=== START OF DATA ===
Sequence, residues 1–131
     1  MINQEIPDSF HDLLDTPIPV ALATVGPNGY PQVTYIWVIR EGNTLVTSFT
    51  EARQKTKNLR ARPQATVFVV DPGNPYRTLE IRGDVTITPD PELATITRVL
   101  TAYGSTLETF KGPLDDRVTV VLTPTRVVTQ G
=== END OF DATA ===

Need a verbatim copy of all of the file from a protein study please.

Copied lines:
Sequence, residues 1–131
     1  MINQEIPDSF HDLLDTPIPV ALATVGPNGY PQVTYIWVIR EGNTLVTSFT
    51  EARQKTKNLR ARPQATVFVV DPGNPYRTLE IRGDVTITPD PELATITRVL
   101  TAYGSTLETF KGPLDDRVTV VLTPTRVVTQ G